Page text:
‘It was like being hit with a brick’: a qualitative study on the effect of clinicians’ delivery of a diagnosis of eye disease for patients in primary and secondary care

Ferrey, Anne, Moore, Lucy and Jolly, Jasleen K. (2022) ‘It was like being hit with a brick’: a qualitative study on the effect of clinicians’ delivery of a diagnosis of eye disease for patients in primary and secondary care. BMJ Open, 12 (7). e059970. ISSN 2044-6055

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Official URL: https://doi.org/10.1136/bmjopen-2021-059970

Abstract

Objectives To explore patients’ experiences of getting a diagnosis of eye disease, the psychological impact of this and how this could be improved. Design An exploratory qualitative interview study using a narrative approach and inductive methods. Setting This study was conducted with patients who had attended ophthalmic appointments in primary and secondary care and in opticians located in the South of England. Participants 18 people diagnosed with eye disease in England. Results Four themes were identified: the convoluted process of being diagnosed, the impact of clinicians’ words, the search for information and reflections on what could be improved. The prolonged wait for a definitive diagnosis was a source of frustration and anxiety for many patients. Professionals’ words and tone when delivering a diagnosis sometimes affected a patient’s view of their diagnosis and their later ability to come to terms with it. Patients were desperate for information, but many felt they were not provided with sufficient information at the time of diagnosis and did not know whether to trust information found online. Participants felt the provision of a hospital liaison service and/or counselling could mitigate the impact on patients and families. Conclusions Interactions with clinicians can have a lasting impact on how a diagnosis is experienced and how well the patient is able to come to terms with their visual impairment. Receiving little or no information left patients feeling lost and unsupported. This led them to search for information from less reliable sources. Clinicians should consider how they communicate a diagnosis to patients, how and when they offer information about diagnosis and prognosis and where possible signpost patients to additional support systems and counselling services as early as possible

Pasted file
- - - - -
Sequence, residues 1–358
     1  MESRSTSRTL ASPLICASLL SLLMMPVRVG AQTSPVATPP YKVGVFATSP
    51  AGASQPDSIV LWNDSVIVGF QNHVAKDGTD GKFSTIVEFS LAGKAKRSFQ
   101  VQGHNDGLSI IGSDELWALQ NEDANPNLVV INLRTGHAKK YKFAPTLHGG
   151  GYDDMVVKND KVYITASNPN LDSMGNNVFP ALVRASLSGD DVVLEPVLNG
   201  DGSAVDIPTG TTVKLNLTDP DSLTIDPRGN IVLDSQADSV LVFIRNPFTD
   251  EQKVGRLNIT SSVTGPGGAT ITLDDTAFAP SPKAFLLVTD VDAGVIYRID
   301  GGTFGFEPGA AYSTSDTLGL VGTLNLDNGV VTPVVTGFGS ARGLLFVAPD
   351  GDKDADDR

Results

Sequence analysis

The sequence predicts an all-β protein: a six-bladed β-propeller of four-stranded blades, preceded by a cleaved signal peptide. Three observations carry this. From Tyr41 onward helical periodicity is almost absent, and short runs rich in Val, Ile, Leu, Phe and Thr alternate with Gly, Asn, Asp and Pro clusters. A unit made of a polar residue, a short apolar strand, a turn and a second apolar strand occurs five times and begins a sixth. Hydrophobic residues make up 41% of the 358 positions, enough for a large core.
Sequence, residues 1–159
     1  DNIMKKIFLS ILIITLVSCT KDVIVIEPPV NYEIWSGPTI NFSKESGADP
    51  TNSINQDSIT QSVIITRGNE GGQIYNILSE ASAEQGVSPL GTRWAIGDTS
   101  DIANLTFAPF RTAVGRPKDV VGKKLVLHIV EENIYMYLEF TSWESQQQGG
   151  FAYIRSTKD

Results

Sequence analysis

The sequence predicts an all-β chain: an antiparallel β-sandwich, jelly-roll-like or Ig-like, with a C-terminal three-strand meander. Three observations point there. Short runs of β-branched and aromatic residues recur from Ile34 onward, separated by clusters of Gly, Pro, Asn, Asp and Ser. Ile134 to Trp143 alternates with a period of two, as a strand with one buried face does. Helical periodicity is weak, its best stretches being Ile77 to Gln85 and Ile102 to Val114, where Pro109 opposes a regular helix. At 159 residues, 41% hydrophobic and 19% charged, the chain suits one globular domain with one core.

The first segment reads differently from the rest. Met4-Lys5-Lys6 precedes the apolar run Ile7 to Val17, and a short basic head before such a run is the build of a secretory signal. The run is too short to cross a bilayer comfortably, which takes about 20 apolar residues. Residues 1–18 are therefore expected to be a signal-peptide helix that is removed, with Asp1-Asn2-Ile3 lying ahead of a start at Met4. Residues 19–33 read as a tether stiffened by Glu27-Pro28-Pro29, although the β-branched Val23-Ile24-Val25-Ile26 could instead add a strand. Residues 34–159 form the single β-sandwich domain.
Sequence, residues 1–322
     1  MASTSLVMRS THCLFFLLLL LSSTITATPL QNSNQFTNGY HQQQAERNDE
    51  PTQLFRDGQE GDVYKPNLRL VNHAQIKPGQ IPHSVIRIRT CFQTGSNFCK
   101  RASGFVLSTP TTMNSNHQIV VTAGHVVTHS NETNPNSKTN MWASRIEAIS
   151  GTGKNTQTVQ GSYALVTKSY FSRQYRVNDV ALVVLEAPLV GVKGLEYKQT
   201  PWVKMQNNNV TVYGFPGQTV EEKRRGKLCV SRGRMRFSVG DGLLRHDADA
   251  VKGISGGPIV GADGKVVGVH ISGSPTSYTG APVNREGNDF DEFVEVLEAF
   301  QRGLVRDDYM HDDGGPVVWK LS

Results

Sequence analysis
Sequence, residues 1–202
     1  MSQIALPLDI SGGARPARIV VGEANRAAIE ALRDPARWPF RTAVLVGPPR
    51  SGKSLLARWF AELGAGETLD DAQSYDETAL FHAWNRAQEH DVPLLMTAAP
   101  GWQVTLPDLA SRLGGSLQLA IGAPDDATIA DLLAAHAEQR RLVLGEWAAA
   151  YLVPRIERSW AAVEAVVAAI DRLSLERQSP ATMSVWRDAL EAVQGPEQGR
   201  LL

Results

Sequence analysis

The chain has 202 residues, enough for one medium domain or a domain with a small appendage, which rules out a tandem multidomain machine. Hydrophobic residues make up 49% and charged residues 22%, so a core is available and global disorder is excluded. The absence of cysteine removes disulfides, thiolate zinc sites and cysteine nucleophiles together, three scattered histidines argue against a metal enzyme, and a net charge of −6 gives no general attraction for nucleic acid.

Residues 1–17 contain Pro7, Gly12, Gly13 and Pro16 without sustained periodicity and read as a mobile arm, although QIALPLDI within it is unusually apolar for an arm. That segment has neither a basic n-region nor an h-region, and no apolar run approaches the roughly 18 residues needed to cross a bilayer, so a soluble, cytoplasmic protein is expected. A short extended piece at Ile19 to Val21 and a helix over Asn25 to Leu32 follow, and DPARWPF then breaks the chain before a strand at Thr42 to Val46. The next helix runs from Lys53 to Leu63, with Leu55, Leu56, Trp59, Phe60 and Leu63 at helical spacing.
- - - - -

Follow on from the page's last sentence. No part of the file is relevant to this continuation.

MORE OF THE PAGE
Item Type: Journal Article
Faculty: Faculty of Health, Education, Medicine & Social Care
Depositing User: Ian Walker
Date Deposited: 22 Jul 2022 13:03
Last Modified: 22 Jul 2022 13:03
URI: https://arro.anglia.ac.uk/id/eprint/707774

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